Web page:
Shining Lights

April 18, 2012

Currents Magazine, Featured

Winona State’s Light the Way campaign surpasses its goal with more than $14 million

Thanks to 13,364 shining lights the future is much, much brighter for Winona State University and tens of thousands of people in our community.

Light the Way, Winona State’s first comprehensive capital campaign, has successfully concluded by surpassing its original $10 million goal. With more than 32,000 gifts – large and small, from every corner of the community – the campaign raised a total of $14,522,570 to date.

It’s heartening that those who gave included 7,364 alumni, 2,664 parents of students, 1,676 friends of WSU, and 546 faculty and staff members. Nearly 4,500 of those “shining lights” were first-time donors. Each of those gifts shows your commitment to enhancing educational opportunities for our students, and reaffirms your belief that Winona State improves the world.

And how is your overwhelming generosity being put to use? These stories demonstrate how Light the Way is changing the lives of deserving students, creating the tools to protect children from neglect and abuse, and building a culture of health and well-being for all members of our community.

200 new scholarships

by Brett Ayers

The recipient of several scholarships, Christina Flaherty is the unusual Winona State student who will graduate debt free.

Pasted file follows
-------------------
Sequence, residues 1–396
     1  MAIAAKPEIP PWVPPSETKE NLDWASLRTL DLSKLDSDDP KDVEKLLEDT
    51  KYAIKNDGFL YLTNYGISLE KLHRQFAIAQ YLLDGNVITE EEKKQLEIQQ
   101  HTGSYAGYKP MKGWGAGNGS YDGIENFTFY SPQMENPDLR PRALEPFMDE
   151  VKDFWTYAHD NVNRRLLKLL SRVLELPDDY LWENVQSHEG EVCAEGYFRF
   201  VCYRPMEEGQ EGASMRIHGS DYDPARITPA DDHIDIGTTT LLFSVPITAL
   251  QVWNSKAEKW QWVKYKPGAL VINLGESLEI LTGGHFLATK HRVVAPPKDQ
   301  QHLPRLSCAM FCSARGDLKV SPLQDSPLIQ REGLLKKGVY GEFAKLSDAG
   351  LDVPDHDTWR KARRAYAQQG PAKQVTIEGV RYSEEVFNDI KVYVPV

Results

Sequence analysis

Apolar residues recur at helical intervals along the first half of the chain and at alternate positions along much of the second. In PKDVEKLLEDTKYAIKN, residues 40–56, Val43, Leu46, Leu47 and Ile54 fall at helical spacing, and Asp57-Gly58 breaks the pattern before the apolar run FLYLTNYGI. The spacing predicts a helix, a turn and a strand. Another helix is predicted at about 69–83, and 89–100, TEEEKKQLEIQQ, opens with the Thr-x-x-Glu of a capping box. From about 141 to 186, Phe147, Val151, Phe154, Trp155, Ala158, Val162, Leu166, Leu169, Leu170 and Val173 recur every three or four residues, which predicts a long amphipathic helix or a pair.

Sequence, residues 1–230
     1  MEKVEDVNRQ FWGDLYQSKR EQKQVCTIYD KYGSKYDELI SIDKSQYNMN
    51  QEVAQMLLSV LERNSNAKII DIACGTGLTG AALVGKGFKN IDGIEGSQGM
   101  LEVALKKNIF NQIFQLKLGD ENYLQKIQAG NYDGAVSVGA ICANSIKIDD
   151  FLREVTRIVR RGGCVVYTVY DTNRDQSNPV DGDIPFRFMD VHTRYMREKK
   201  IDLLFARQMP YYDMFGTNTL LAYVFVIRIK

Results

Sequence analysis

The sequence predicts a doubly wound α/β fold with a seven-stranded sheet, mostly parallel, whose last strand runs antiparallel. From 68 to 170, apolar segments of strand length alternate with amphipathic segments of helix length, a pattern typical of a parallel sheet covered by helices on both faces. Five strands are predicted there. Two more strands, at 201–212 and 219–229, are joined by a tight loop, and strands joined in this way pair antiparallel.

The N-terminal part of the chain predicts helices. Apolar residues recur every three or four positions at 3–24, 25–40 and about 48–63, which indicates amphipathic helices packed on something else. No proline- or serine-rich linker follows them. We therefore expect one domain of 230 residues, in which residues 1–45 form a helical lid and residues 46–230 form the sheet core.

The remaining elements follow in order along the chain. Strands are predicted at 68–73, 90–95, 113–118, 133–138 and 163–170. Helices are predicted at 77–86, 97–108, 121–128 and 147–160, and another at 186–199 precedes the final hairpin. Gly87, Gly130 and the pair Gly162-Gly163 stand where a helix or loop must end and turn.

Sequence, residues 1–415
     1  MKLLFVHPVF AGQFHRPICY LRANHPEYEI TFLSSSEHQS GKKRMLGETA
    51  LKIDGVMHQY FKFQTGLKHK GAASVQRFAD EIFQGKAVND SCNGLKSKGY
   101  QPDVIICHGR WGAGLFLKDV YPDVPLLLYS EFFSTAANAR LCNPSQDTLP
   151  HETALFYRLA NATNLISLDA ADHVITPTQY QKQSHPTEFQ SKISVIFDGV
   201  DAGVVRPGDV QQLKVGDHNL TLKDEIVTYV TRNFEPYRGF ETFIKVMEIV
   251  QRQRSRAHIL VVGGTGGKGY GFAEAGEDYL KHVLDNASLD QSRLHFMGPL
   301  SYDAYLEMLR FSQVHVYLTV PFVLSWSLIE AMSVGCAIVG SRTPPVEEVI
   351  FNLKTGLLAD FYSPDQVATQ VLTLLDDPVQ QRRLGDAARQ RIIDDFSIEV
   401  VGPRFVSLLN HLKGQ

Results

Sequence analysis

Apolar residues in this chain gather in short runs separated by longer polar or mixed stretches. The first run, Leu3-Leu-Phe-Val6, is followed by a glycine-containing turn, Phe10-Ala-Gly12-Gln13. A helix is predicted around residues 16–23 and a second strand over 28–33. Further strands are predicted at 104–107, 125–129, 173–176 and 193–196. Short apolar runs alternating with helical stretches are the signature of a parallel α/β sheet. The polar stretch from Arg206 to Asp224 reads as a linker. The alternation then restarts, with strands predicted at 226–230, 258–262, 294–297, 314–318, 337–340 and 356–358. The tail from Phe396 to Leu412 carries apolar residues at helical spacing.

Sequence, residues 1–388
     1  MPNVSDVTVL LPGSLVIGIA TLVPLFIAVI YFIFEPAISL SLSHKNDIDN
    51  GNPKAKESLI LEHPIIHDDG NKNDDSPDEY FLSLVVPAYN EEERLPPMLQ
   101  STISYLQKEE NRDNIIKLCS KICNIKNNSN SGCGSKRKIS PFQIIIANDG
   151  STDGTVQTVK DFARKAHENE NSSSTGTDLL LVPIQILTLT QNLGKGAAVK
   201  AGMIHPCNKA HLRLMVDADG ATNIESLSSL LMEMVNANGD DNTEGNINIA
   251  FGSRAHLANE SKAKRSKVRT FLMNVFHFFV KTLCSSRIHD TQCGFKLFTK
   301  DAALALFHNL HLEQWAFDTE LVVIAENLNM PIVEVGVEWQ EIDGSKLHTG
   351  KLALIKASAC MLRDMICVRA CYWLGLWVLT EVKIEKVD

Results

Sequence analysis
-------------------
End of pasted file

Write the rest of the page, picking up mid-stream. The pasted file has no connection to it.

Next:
“That’s rare in today’s economy,” said Flaherty, a vocal music education major.

The average Winona State student leaves school with a debt burden of about $27,000, largely due to precipitously declining state support for public education. Today, just 23 percent of the entire university budget is funded by the state.

That not only dims students’ prospects after they graduate, it also forces them to work more and more to finance their education while they’re in school.

“Having been helped so much along the way, I don’t take my responsibility lightly to be a good steward with the opportunity I’ve been given,” said Flaherty, who looks forward to a career as choir teacher. “Support from scholarships plus what I save from work each summer has allowed me to participate fully in the community.”

In addition to excelling in the classroom and additional studies in voice and piano, Flaherty has pursued a number of leadership and service opportunities at Winona State. She’s an officer in several clubs, including president of the National Association for Music Educators and vice president of the American Choral Directors Association. She also volunteers at an after school program and for Big Brothers Big Sisters of Greater Winona

“Those are just a few of the experiences that have made me who I am today,” said Flaherty. “When I graduate, I look forward to carrying on the tradition of giving to the community in any way that I can.”

50,000 child protection professionals trained

by Andrea Mikkelsen

Assistant Winona County Attorney Christina Davenport may be only one of the 14,293 child protection professionals trained by the National Child Protection Training Center (NCPTC) in 2011, but she joins a legion of professionals across the world who are making the future of children a priority.